"I think we achieved a lot that goes beyond the actual music that's on the album," Lindsey says. "We arrived at an ideal working situation" Our hours were very sane -- we worked from two in the afternoon until ten at night. I built a studio, a "home base" we could rely on. It was an extremely positive atmosphere in which our creative instincts could be nurtured and reinforced. Fleetwood Mac hasn't always had that before."

What they hare had is the singing and writing of Buckingham, Nicks and Christine McVie Each has a distinct style: Stevie's is spare, confessional ("Welcome To The Room....Sara"); Lindsey's is rhythmically adventurous and slightly left-of-center ("Caroline," "Big Love"); and Christine's, by her own description, is more "down to center" ("Everywhere" "Little Lies") Yet Tango In The Night isn't a showcase for three solo artists -- it's the work of a band.

"When you're contributing one third of an albums" Christine explains, "you have to think in terms of what will go well next to Stevie's singing or Lindsey's singing, or the character of their songs You want a square meal if you will. For example, I wrote 'Isn't It Midnight' because we needed something up tempo and driving, a guitar extravaganza. The idea is to give a complete picture of the five of us."

"Christine has her emotional stance -- how she wants to play the scene, so to speak -- pretty much set, and it stays within that framework," Buckingham adds. "Working with her songs is a matter of structure, of architecture. With Stevie, the things that will work best don't necessarily follow any structural rules. You also have to be careful not to upset the emotional tone she might be going for, because Stevie's acutely aware of the particular way she wants to express a song."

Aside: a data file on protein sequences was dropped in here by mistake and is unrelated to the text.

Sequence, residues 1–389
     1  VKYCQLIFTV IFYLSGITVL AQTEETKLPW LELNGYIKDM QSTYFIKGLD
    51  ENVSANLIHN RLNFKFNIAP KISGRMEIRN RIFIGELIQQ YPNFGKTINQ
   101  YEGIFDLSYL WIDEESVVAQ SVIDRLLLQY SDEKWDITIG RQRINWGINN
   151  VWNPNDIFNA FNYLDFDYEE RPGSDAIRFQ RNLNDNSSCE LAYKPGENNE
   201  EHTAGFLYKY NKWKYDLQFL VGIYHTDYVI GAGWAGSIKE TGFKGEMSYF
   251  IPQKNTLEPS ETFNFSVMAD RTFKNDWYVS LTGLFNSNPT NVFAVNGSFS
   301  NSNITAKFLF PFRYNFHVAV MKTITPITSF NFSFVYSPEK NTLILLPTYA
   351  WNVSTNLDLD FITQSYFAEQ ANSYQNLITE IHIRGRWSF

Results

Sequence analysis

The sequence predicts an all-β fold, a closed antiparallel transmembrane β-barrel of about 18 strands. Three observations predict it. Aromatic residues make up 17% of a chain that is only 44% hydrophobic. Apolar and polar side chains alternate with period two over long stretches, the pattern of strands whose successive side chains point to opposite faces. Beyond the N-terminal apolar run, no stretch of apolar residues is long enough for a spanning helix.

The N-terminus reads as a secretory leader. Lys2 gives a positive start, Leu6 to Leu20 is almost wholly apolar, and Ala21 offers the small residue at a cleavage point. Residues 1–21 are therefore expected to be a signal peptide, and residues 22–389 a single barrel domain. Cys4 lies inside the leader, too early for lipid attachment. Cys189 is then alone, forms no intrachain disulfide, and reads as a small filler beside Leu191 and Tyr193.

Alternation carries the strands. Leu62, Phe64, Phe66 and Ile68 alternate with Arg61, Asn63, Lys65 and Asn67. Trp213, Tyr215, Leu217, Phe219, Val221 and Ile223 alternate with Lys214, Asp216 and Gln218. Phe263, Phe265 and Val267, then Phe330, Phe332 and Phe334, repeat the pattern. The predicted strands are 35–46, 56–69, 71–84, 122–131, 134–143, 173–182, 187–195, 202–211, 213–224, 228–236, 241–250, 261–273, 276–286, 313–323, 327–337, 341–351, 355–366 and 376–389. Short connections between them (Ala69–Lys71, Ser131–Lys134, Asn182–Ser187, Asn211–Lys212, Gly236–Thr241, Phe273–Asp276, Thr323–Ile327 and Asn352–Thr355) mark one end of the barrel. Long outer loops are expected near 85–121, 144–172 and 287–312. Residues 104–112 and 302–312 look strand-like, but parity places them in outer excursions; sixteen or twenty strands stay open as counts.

Tango In The Night offers a balance not only of musical styles, but of technology and feel. "I think there has been some worry about the machines taking over," says Fleetwood. "People are getting tired of music that's bloody perfect. There's no air in it at all, and there's no emotion. In my mind anything that doesn't emote will not last If it's a painting, a piece of writing, music anything -- if it does not affect someone emotionally, its life span is drastically reduced."

Fleetwood Mac preserved emotional content by putting the technology in the service of the music, instead of the other way around. "We certainly didn't embrace the more clichéd aspects of current recording technique -- gating, sequencing, all of that," notes Buckingham. "The production applications that we did use are not the same four or five moves you hear every time you turn on the radio. We developed our own moves" The result? An album of "fresh ideas," as Christine puts it. "Maybe people are ready for something a bit more musical, with a bit more substance than a lot of what's out there now. I think they'll be pleasantly surprised by this records"

They may also be surprised that there is still a Fleetwood Mac at all; in the rock 'n' roll business, five years between albums is an eon. Still, as Fleetwood puts it, "I've never thought of Fleetwood Mac stopping. As long as things aren't forced, I don't see any reason why the band shouldn't be there for its various members to use and be part of. After all, it's still a very creative situation, "Tango In The Night" leaves no doubt of that.